Bookends

Sunday Letter | #345

Cutout metal sign from reverse; blue sky and thin clouds in the background.
Java Hutt, Ferndale, MI

Went to a friend’s wedding this past weekend, a beautiful and zany-at-times 150-person event in Ann Arbor. It was the first time that Julia and I had been at a gathering that large since before the pandemic—and we both found our socialization muscles to have significantly atrophied. While other friends stayed out late for the hotel-pool afterparty, we were asleep in bed by 11pm.

If I had to pick two cultural objects that bookend the pandemic for me, they would have be 1) the Apple TV+ series Ted Lasso and 2) Bo Burnham’s Netflix special, Inside. Ted Lasso for a refreshing optimism that knows the challenges of our times without needing to present them through the lens of some brooding, cynical protagonist. It reminds me a lot of great middle grade novels, actually, as my co-hosts and I discuss in a forthcoming episode of Booksmitten. Lasso feels like a better, more hopeful version of the world-hologram we encounter in the news—and the first rider of a new horde of wholesome television comedies.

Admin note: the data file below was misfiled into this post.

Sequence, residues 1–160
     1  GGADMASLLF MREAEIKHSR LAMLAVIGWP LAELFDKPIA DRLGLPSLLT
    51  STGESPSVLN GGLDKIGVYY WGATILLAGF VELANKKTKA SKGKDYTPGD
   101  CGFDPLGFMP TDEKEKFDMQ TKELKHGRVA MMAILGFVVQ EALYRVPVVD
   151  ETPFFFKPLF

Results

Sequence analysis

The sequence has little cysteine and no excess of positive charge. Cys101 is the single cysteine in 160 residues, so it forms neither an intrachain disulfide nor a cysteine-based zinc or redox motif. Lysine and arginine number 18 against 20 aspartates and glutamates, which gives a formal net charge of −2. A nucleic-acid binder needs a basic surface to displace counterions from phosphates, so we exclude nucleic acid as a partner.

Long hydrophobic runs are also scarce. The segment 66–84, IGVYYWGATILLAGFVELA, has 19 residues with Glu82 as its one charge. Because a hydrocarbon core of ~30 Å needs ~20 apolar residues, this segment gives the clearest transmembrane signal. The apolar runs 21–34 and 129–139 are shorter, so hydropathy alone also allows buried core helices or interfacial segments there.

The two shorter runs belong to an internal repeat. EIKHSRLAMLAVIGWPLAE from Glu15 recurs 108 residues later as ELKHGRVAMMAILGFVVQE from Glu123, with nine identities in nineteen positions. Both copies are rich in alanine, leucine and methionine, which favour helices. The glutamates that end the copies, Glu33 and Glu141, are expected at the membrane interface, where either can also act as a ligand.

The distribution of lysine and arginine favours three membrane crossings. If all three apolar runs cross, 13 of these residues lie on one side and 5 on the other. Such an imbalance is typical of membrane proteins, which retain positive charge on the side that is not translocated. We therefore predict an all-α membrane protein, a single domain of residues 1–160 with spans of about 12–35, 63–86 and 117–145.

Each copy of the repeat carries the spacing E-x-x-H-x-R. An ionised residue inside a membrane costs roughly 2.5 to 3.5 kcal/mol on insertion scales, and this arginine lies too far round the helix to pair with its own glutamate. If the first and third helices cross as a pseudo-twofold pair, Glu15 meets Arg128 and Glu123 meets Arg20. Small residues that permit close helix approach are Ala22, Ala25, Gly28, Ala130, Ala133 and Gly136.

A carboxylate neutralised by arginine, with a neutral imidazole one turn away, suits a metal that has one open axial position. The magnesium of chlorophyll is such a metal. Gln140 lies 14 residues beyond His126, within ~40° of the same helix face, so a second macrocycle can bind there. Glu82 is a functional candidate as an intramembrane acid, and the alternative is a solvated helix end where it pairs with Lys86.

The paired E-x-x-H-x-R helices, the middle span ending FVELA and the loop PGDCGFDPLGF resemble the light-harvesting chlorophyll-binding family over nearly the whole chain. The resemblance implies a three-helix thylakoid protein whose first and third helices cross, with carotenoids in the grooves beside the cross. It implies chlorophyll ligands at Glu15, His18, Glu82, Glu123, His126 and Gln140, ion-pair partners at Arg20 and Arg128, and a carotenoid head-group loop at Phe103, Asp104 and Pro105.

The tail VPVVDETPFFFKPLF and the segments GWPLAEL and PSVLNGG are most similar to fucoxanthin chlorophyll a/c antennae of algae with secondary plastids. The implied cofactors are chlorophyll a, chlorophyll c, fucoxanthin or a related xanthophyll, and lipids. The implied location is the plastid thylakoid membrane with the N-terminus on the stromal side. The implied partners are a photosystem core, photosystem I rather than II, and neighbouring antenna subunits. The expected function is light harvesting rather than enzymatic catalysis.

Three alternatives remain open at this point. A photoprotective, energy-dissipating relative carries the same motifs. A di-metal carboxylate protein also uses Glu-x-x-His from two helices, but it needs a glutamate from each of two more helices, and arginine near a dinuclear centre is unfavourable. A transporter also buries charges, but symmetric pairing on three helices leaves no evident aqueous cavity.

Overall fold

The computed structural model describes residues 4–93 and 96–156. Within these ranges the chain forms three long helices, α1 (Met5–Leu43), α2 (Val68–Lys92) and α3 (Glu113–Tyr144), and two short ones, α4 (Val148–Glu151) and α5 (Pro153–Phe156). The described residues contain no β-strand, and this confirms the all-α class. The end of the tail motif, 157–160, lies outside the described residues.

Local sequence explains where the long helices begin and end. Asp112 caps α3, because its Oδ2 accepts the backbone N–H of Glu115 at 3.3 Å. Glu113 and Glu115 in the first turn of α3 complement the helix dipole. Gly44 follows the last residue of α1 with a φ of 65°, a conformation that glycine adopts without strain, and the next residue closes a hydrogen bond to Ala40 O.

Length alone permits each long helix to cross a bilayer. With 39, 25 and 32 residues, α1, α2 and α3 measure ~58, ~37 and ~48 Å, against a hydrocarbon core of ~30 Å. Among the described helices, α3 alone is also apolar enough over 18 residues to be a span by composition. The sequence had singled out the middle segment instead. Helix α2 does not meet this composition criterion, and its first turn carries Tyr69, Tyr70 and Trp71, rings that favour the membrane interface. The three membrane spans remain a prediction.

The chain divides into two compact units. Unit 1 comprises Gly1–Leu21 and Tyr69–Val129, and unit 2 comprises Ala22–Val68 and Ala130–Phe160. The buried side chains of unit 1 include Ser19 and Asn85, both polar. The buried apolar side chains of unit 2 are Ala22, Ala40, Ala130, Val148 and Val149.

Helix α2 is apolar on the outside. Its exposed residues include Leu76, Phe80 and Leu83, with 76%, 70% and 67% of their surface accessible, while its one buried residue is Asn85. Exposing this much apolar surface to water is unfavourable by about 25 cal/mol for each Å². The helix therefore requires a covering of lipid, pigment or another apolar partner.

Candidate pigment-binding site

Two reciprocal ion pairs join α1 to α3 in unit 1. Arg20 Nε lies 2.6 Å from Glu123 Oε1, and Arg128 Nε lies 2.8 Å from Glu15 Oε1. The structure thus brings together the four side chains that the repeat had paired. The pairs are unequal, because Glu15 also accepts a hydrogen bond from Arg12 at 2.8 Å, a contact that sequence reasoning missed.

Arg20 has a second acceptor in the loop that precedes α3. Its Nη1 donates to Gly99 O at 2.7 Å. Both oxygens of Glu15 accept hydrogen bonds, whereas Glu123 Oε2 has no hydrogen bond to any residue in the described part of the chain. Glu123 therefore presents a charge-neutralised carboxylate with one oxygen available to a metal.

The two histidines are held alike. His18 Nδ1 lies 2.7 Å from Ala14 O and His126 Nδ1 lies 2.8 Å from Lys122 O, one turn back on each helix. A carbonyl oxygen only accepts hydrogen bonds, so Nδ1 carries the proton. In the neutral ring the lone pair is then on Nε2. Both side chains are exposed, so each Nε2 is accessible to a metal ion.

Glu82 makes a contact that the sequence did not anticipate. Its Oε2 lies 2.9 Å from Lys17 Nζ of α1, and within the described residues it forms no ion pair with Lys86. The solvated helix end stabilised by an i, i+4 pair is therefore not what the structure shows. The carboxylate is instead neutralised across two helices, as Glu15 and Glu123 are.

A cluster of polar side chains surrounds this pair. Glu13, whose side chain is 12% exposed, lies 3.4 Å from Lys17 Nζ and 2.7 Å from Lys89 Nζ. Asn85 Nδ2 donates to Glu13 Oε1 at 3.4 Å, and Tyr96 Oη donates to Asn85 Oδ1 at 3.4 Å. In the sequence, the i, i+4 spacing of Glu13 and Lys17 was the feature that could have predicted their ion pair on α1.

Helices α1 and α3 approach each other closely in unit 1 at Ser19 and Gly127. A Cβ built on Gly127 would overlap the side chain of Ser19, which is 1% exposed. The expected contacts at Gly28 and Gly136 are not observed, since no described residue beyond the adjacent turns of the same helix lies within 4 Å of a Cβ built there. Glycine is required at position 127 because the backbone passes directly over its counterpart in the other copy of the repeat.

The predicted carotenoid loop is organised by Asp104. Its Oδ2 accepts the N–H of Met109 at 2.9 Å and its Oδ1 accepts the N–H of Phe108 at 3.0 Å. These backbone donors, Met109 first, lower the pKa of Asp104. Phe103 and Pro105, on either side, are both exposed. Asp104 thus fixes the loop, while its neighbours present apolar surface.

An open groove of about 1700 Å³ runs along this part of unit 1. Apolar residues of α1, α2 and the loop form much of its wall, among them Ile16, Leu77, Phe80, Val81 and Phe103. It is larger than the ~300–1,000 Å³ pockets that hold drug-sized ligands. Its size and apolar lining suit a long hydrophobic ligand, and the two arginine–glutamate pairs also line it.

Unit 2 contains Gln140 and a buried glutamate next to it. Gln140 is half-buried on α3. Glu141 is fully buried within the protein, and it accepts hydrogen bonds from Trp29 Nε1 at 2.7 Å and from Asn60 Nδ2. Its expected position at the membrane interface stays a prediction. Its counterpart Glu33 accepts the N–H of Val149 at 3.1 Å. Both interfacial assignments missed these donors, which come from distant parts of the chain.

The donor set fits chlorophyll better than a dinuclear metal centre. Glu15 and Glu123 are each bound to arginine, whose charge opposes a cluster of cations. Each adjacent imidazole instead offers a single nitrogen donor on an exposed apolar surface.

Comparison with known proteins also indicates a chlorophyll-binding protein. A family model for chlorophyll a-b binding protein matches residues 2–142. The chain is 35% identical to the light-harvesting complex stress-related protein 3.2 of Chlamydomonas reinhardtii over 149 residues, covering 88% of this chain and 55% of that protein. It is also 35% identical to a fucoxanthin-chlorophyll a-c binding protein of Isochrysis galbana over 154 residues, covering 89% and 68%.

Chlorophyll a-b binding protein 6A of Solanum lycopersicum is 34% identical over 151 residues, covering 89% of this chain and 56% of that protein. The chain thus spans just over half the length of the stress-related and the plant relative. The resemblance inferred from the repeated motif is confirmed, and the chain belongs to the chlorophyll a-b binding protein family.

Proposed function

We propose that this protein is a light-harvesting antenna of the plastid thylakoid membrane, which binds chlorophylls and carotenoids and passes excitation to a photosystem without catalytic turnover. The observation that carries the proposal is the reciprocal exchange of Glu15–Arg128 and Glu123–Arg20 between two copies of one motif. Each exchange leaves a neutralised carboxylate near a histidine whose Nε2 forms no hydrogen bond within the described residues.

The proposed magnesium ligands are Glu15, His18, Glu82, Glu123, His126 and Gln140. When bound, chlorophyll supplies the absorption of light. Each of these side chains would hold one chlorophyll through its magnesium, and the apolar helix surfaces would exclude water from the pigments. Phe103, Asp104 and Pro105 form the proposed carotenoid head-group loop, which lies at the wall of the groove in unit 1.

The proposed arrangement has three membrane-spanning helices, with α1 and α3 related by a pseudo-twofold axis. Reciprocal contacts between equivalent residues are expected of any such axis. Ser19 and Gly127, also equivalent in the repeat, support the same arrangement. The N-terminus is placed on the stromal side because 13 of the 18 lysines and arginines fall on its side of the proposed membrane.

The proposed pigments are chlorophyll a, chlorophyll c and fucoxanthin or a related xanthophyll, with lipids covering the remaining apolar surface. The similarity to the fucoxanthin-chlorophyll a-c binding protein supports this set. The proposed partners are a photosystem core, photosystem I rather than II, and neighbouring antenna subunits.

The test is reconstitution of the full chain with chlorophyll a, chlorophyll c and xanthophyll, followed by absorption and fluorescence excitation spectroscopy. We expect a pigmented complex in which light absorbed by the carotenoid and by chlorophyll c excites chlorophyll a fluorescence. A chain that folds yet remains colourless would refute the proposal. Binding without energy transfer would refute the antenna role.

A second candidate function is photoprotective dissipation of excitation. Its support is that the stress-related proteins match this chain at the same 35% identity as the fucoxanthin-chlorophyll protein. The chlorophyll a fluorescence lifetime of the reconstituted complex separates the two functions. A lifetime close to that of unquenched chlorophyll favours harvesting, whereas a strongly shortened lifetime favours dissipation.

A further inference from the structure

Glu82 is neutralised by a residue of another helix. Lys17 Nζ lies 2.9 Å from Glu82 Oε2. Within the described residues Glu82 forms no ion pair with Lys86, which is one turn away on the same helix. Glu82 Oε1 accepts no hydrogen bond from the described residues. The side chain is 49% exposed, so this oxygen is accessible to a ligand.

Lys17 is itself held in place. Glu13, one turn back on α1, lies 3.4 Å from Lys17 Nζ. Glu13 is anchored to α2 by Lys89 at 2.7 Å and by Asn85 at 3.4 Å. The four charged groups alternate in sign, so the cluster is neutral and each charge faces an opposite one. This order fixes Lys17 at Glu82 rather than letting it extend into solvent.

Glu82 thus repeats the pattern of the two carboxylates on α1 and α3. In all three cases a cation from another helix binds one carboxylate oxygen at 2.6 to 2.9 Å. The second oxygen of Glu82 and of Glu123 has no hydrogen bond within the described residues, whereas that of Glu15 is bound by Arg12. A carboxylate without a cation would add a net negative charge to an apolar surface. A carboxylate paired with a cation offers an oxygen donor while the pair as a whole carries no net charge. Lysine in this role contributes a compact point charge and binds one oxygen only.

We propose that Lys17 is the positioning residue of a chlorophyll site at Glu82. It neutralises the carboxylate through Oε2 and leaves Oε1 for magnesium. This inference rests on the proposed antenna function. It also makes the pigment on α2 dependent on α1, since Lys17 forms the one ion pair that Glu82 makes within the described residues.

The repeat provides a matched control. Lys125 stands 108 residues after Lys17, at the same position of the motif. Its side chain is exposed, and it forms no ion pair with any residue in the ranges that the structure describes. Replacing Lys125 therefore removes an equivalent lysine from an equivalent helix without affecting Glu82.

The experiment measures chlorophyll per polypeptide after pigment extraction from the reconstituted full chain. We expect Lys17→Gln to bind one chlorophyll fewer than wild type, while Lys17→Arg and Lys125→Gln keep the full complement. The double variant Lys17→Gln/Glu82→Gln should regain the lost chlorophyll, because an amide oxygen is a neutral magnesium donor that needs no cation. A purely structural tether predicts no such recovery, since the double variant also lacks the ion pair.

Inside, on the other hand, is the musical funhouse mirror that I didn’t know I needed. Burnham wrote, filmed, edited, and scored the entire special while isolated in his flat, and it reminds you that you don’t need millions of dollars to make people laugh and cry. I imagined other comedians watching it and kicking themselves for not having the idea first; it makes you think that if only you had the sheer creative will, you too could produce an entertaining Netflix special.

But that same feeling is short-lived, because you quickly realize that not only does Burham have plenty of professional recording equipment, he also has the talent and genius to make full use of it. Over the course of the show, you see his facial hair grow longer and more disheveled (signaling how long he’s been alone working on the special), and the jokes get darker and more (cabin-)feverish. For me, Inside simultaneously captured the feeling of both a neverending pandemic and a neverending creative project. It hit uncomfortably close to home.

But: sometimes you want a sad song when you’re sad. And sometimes you need a wild-haired man singing in his underwear to remind you that, no—what you’re feeling is not unique to you. That this too, shall pass.